However, beyond all the action and thrill of Ward, there is a more serious issue underlining the entire narrative, mental illness. While at certain points its presence becomes blatantly obvious, at other times, it is much more subtle. It is this subtleness that I found more impressive. In these cases, it resembles an invisible presence, something that you can’t see, but can only feel. And this sensation of uneasiness is masterfully woven into the pages of the novel. Setting aside the story line, the book can serve as an incentive to prompt more dialogue on this often ostracized subject, which in reality as well, lurks mostly in the shadows.

Culmination by Holly Smith

Reviewed by Timea Barabas

CulminationThe apocalypse is a rather popular subject when it comes to books and movies. The important thing is to offer a perspective with a tint of freshness to it. Culmination uses this theme as a backdrop to highlight human condition and how people could react in the most difficult of situations.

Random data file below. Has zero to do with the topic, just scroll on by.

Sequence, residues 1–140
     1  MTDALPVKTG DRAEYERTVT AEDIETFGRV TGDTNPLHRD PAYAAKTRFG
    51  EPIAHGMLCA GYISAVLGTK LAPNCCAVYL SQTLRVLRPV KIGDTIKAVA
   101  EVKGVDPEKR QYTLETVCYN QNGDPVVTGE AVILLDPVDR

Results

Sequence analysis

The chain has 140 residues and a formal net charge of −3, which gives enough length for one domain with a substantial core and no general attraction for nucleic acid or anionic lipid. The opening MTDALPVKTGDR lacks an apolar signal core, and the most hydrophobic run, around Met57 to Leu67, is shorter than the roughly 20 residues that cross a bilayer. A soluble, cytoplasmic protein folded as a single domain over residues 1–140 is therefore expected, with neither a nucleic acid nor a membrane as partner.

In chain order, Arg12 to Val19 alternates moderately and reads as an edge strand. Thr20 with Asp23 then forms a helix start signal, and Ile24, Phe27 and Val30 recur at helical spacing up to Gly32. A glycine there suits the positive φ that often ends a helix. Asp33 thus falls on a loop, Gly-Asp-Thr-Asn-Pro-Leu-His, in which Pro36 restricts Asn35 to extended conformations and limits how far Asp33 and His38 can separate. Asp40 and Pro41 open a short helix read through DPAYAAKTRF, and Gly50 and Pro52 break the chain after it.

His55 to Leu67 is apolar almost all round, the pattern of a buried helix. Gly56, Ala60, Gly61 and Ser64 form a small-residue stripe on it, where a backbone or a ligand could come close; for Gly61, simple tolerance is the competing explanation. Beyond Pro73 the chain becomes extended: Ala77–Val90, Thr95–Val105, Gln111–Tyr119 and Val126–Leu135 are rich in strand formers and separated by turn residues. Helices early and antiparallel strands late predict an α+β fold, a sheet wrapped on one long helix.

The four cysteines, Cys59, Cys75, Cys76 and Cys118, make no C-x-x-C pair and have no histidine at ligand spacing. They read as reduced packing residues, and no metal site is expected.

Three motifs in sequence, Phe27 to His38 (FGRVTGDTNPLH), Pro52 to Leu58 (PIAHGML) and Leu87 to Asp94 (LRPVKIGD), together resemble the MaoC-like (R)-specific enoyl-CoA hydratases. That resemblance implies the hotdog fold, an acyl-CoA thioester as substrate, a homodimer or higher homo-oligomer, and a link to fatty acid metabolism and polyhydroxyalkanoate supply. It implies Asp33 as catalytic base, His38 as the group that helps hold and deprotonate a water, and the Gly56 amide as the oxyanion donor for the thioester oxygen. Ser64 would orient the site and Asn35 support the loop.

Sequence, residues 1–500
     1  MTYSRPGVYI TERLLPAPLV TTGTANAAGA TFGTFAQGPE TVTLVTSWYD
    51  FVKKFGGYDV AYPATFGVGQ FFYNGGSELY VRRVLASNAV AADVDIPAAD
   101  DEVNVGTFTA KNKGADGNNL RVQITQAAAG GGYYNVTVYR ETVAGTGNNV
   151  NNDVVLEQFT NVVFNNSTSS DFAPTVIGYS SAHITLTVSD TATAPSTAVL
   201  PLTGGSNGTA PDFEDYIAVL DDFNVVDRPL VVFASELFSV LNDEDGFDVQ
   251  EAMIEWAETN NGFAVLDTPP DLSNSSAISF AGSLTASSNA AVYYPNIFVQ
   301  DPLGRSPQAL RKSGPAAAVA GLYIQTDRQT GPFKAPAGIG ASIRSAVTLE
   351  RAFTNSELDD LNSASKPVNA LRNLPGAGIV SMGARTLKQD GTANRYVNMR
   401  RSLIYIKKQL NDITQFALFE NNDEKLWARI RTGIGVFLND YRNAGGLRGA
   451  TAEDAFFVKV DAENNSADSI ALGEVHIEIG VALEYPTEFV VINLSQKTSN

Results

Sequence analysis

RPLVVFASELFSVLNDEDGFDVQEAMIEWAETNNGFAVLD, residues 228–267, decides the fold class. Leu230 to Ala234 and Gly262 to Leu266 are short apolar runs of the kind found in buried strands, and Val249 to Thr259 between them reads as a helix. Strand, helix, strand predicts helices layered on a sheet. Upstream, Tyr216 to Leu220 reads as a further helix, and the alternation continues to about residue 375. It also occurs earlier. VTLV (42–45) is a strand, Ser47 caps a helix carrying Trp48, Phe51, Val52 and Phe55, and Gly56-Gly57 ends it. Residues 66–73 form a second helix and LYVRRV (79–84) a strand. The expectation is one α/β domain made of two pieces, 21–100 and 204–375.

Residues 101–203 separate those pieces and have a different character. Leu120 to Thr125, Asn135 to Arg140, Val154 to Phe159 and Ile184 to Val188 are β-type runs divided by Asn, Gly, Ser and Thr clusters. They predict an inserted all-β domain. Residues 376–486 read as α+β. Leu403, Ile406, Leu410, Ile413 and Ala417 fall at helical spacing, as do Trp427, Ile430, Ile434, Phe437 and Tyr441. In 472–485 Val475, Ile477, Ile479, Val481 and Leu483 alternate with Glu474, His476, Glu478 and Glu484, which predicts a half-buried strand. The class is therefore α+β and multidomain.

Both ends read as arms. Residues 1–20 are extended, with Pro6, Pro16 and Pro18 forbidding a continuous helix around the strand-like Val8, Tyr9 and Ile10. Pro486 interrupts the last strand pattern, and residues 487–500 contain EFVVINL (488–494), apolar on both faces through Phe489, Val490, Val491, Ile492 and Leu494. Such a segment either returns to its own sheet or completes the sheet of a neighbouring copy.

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While a young couple is enjoying the first moments together as newlyweds, their honeymoon drastically changes due to a total electrical blackout, which they will soon learn was a global phenomenon. But at least they are not alone, as they find more people with whom they soon become close friends. As it turns out, two of their new acquaintances are survivalists who have long prepared for the dawn of civilization. So, the group moves into a high-end cave, equipped with anything they need to survive in luxury. However, even if things should have ran smoothly, since everything was anticipated, it seems that one element was gravely overlooked, human nature, and the cost of this oversight is to be discovered in the pages of the book. Actually, Holly Smith offers a good example of a self fulfilling prophecy, if you believe that something will happen strong enough, you will mold your perception of reality in such a way as to see it realized.